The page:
Sunday, October 2, 2011

Chinese to come down hard on Twitter agit-prop

Bejing – A 22-year-old woman published an on-going serial on the internet and called it a “prostitute's diary.”

After the feature had attracted a quarter million followers, it was learned that the true author is a 31-year-old male who is also a professional editor.

The Politburo of the People's Republic called it one of the many “malignant tumors” that are challenging the status quo. It aims to punish the internet service providers and the corporations that provide the publishing platforms – in this case, Sina Weibo, which closely resembles its western counterpart, Twitter. A representative of the state Internet Information Office soon paid a visit to the offending company following revelations about the true identity of the author of “prostitute's diary.”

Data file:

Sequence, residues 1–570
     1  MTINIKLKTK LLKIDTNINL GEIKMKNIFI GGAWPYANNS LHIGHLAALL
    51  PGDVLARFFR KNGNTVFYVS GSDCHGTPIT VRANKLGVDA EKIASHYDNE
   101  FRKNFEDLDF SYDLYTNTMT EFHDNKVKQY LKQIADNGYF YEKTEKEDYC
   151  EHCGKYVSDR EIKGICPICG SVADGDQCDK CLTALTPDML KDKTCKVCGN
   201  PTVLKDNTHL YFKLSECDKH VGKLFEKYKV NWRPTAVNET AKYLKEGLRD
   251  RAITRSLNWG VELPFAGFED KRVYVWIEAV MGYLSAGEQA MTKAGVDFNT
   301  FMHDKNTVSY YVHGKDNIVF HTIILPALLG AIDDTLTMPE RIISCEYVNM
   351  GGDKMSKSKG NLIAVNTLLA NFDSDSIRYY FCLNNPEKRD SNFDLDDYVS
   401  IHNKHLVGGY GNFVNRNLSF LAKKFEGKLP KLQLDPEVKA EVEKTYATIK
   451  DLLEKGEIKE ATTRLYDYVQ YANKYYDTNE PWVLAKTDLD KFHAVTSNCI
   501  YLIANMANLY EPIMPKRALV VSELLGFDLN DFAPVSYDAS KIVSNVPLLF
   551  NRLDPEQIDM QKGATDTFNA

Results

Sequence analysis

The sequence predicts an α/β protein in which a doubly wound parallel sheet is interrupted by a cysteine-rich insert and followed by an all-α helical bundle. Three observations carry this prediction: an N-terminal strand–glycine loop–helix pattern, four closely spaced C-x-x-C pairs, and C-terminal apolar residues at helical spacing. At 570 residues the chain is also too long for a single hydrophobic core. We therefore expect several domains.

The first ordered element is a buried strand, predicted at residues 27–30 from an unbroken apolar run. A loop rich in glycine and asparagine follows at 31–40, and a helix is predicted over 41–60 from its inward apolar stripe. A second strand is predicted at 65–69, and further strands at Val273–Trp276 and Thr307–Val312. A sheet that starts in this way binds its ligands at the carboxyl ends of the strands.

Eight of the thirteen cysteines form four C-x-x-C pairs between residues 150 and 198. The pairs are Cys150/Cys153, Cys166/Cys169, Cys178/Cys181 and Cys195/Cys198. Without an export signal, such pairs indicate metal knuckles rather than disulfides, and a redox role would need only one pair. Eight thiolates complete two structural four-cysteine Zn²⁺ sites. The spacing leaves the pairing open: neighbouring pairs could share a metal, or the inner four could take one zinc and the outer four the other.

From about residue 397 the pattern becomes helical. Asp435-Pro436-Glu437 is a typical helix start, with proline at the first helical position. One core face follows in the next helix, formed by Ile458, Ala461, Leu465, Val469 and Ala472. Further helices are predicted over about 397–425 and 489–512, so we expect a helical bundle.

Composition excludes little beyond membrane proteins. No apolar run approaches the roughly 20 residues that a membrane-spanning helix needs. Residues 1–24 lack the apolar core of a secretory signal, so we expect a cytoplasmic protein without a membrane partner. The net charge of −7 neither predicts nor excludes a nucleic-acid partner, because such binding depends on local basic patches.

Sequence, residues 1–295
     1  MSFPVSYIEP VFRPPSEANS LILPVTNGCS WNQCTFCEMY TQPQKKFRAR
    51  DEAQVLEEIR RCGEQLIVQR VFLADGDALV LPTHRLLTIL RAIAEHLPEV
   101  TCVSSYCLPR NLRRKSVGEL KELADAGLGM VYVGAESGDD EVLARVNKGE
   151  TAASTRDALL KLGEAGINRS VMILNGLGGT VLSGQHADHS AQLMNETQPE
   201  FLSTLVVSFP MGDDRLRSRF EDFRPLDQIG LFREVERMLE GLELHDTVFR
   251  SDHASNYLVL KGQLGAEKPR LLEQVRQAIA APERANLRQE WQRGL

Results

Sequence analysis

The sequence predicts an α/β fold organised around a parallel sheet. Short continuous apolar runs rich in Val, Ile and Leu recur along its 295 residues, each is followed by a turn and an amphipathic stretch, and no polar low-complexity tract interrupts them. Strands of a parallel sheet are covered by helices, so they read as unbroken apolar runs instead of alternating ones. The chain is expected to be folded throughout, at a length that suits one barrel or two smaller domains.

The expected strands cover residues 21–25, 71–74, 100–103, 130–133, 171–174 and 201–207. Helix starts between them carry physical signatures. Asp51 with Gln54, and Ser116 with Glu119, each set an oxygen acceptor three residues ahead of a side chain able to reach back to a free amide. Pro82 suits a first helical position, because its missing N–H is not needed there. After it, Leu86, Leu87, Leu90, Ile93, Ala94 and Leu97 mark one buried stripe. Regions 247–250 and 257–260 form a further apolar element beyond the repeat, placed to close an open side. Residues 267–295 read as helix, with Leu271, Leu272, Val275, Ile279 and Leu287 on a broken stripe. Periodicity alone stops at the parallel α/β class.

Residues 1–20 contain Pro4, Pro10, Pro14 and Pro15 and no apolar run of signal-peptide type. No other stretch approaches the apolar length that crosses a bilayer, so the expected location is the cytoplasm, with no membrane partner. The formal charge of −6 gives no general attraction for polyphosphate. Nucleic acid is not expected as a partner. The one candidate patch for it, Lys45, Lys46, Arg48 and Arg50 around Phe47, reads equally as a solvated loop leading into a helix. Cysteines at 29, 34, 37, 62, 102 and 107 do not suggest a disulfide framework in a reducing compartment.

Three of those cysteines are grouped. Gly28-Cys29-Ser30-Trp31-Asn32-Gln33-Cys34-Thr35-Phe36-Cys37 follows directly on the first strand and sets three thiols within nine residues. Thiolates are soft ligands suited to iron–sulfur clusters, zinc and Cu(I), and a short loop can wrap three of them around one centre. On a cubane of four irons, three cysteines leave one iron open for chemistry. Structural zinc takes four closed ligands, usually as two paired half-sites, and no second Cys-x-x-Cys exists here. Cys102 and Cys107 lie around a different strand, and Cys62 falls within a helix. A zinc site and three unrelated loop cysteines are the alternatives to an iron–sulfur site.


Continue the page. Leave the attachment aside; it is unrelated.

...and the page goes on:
Social media sites are used to challenge government authority, to stimulate debate and to cause confusion by stimulating debate and dissension among the population – something the Politburo calls spreading “rumors” and “false news.”

About 200 million people use microblogs to communicate in China.

Violators may be punished by 5 to 10 days in jail and a fine of 500 yuan, which is the equivalent of $80. Service providers have agreed to shut down the accounts of those accused of spreading false rumors for 30 days as a warning.

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